churchill on cyberpunk

Winston Churchill
Paul Kent Alkon, professor emeritus of English and American literature, author of ‘Origins of futuristic fiction’ (1987), and ‘Science fiction before 1900’ (1994), in 1997 has published a wonderful article on Winston Churchill‘s relation to the writing and thought of H. G. Wells, science fiction and dystopia in general. More recently Alkon covered the issue even more in-depth in his chapter ‘Imagining science: Churchill and science fiction’ (2006: 155-176). What struck Bruce Sterling the most is Churchill’s premonition of drone warfare:

Have we reached the end? Has Science turned its last page on them? May there not be methods of using explosive energy incomparably more intense than anything heretofore discovered? Might not a bomb no bigger than an orange be found to possess a secret power to destroy a whole block of buildings—nay to concentrate the force of a thousand tons of cordite and blast a township at a stroke? Could not explosives even of the existing type be guided automatically in flying machines by wireless or other rays, without a human pilot, in ceaseless procession on a hostile city, arsenal, camp, or dockyard? (8-9). (Churchill 1929: 221-222 cited in Alkon 1997: 19)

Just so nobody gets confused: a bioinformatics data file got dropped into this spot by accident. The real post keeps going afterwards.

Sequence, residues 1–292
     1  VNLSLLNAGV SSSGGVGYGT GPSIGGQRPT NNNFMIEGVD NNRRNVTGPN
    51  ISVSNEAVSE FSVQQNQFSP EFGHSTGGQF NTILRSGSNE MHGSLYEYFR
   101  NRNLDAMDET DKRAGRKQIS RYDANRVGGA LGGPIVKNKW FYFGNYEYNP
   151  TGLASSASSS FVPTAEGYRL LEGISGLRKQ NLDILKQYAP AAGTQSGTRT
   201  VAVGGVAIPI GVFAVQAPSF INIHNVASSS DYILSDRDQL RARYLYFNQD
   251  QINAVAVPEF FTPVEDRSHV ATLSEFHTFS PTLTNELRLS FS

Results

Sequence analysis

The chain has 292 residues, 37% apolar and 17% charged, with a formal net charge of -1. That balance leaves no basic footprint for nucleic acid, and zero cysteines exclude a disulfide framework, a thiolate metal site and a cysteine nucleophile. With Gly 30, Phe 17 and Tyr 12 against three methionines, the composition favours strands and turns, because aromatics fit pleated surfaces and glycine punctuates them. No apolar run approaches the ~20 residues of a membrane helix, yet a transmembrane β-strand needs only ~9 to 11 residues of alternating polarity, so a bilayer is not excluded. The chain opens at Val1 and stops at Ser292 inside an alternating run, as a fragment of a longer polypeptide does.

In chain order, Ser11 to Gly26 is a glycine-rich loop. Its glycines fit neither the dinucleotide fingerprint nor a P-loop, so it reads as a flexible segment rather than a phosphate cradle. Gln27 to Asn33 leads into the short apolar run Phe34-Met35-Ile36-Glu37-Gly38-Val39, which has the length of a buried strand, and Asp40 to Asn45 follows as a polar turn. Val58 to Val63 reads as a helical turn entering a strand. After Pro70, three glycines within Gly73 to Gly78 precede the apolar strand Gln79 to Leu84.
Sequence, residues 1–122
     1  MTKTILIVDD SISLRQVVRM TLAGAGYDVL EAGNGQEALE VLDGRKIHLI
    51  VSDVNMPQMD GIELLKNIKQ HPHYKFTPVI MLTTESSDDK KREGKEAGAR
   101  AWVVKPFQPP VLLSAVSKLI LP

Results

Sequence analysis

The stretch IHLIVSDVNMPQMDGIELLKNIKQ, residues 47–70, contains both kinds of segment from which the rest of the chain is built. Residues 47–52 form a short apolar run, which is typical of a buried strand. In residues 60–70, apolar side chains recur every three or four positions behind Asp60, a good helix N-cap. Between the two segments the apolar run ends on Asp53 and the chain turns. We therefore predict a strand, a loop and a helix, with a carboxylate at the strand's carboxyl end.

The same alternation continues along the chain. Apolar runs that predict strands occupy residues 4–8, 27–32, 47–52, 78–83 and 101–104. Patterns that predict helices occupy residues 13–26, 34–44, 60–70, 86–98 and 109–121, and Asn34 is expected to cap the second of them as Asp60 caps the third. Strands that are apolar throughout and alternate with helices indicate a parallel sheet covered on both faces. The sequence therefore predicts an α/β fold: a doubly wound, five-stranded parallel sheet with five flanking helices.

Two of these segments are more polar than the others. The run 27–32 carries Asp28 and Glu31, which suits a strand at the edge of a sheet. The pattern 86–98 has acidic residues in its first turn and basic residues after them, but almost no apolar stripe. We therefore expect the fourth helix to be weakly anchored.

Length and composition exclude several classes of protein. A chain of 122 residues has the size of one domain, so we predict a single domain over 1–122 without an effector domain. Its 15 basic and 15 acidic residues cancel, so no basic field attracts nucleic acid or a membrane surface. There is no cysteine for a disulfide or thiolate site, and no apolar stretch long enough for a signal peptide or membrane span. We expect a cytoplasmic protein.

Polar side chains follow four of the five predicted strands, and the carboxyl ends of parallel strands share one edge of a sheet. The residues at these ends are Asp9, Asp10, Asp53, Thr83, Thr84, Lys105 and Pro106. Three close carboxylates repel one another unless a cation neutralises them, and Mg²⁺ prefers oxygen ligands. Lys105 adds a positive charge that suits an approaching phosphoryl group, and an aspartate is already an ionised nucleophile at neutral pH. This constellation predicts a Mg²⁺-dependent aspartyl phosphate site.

ALKON, PAUL KENT. 1987. Origins of futuristic fiction. Athens: University of Georgia Press.
ALKON, PAUL KENT. 1994. Science fiction before 1900: Imagination discovers technology. Boston, New York: Twayne.
ALKON, PAUL KENT. 1997. “Shall we all commit suicide?” Winston Churchill and the scientific imagination. Finest Hour 94: 18-23.
ALKON, PAUL KENT. 2006. Winston Churchill’s imagination. Lewisburg: Bucknell University Press.
CHURCHILL, Sir WINSTON. 1929. The world crisis: The aftermath 1918-1928. New York: Charles Scribner’s Sons.
initially via entry at Bruce Sterling’s beyond the beyond
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